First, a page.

Class worked to break the cycle of sex offenses
The criminal justice majors in Shelly Clevenger’s course studying sex offenses are usually prepared for a final project that is out-of-the-ordinary.
“I’ve had a lot of these same students in my other classes, so they know their projects will be a little quirky,” said Clevenger, whose innovative teaching has been honored by the American Society of Criminology. “I wanted something that will help them communicate with their audience.” For the future members of law enforcement, that means connecting not only with those who are vulnerable to sexual offenses, but also those who have committed them.
Clevenger split the class into three groups, and charged them with creating resources for their audiences. One group designed a comic book to help homeless children avoid online predators. Another created a brochure to help parents of children with developmental disabilities work with their children on online safety. The third compiled a pamphlet of employment resources for past sexual offenders.
The groups needed to do more than research and theory. Each group went into the community and gathered input and presented ideas to the audience. Those working with the comic book worked with Home Sweet Home Mission to understand how children are getting online. “Just because someone is homeless, does not mean that they do not spend time somewhere with access to computers or cell phones,” said Chris Hall, a senior from Aurora, Illinois. “We wanted to know the media sources these children have, and saw they have computers at the mission and at school.”
Publications for prevention
Hall’s group designed the comic book to create awareness of online predators, and the actions children can take if contacted. “We used simple sentence structure, and tried to frame it in a way that kids would understand,” said fellow group member Drew Kopfman, a senior from Crystal Lake, Illinois. “We repeated a lot of phrases, as well as the steps to contact an adult, or someone a child trusts.”
Students working on the brochure met with parents at Marcfirst, a local not-for-profit that assists people with disabilities. The brochure provides a guide to help parents monitor the sites their children visit. “We reminded the parents that we were giving them the power to see what their kids do online,” said Nick Johnson, a senior from Naperville, Illinois.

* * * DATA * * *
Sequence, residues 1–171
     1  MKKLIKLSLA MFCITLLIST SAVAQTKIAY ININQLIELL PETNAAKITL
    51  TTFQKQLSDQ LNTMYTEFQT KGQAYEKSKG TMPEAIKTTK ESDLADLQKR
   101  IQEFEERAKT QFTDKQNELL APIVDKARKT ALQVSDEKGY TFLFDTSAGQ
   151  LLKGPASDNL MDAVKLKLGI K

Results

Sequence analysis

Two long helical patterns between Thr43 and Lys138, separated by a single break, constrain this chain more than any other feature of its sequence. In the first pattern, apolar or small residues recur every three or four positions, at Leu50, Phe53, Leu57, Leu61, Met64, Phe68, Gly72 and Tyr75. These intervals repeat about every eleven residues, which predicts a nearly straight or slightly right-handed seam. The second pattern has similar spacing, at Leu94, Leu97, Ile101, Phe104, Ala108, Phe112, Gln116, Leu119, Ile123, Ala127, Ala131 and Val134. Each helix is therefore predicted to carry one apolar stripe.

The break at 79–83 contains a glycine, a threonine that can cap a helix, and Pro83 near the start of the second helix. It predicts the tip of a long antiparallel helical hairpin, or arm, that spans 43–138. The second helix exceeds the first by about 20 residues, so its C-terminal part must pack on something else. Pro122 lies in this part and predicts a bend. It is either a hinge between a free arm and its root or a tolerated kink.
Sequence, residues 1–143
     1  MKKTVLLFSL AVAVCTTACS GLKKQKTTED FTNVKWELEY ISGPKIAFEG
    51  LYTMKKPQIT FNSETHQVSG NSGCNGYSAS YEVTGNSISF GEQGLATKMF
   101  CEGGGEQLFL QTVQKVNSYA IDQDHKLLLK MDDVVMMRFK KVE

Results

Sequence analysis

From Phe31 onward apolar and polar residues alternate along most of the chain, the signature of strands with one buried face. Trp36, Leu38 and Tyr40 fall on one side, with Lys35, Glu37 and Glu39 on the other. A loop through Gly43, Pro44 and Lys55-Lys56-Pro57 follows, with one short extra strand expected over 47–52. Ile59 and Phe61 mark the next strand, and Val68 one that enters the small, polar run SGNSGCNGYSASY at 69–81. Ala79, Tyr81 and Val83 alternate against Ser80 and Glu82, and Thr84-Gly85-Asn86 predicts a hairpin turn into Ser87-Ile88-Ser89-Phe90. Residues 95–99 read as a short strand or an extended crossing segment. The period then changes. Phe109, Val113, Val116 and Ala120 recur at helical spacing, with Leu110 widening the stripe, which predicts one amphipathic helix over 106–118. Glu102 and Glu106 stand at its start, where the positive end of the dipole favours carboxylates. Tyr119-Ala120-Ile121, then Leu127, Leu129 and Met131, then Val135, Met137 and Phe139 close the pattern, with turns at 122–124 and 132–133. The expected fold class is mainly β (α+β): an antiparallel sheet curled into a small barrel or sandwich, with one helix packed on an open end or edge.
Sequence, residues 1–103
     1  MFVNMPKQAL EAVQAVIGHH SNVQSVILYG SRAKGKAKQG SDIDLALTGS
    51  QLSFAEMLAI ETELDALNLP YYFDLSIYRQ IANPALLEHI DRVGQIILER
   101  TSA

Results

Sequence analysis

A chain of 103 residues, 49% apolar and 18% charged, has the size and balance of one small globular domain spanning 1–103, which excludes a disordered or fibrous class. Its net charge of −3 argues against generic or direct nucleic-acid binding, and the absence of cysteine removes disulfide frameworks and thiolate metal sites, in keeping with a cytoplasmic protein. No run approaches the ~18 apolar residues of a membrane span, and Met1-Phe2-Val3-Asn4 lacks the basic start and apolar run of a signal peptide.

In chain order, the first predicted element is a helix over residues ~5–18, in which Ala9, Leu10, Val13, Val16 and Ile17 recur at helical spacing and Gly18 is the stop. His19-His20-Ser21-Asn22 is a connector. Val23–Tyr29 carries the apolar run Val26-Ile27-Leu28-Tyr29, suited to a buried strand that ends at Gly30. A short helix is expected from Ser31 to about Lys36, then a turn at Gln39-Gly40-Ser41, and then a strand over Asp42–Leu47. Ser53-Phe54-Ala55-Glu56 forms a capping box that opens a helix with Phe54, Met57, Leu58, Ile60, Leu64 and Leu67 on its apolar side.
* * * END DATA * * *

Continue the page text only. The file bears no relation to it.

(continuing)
When speaking with the parents, the group quickly realized they needed to go beyond informing, and add an element of reassurance. “You could tell they were a little overwhelmed at first,” said Johnson, “but after we told them we were not trying to scare them, you could see them relax.”
Keeley Kolis, a senior from Springfield, Illinois, said the parents needed to understand that children with developmental disabilities are more vulnerable to online predators, “but at the same time, we did not want to make the Internet seem like a super-scary place where everyone would be victimized,” she said.
Preventing repeat offenders
The last group met at the McLean County Law & Justice Center to speak with a court-mandated session for sex offenders. Their goal was to provide a list of employment resources for those who had been convicted. “We didn’t want to look at them and say, ‘Just go get a job at Walmart,’” said Abby Marmion, a senior from Geneseo, Illinois. “We wanted a variety of possibilities, and to make it meaningful employment.”
The group did not know the offenses of the group, or their interests. “We spent a lot of time researching before we started, just so we could provide a variety of jobs,” said Alena Harm, a senior from Oak Forest who is double-majoring in criminal justice and psychology. “So we looked at a lot of different websites, including job sites that are specifically geared toward those who had a felony.”
The group created a pamphlet broken into possible fields, including retail, hospitality, and restaurants. When presenting the pamphlet at the meeting, the group also added tips for resumes and job interviewing. “Some of those people were really young, and may not have been on an interview before,” said Harm.
The experience of creating the resources did more than connect students to possible avenues of help. Many said it offered them a chance to interact with people before they enter law enforcement. “I want to work with sex offenders, so it was good to be able to sit down and speak with these people as a group,” said Destini Davis, a senior from Homer Glen, Illinois. “It’s getting them beyond the idea that it is me against you, but that I’m here to help.”
Harm noted the class was her first in working directly with offenders. “Our major is really reactionary as far as victims are concerned,” she said. “This was a way to try and intervene to prevent offenses. I don’t think I’ve ever had that in other criminal justice classes.”
These projects enforced the goal of the class, said Kolis, as well as the overall purpose of her chosen profession. “Not only it is important to educate the potential victims, but we saw that in order to prevent the re-victimization and recidivism, we have to provide support and services for our offenders, or else there is nothing left but for them to re-offend,” she said.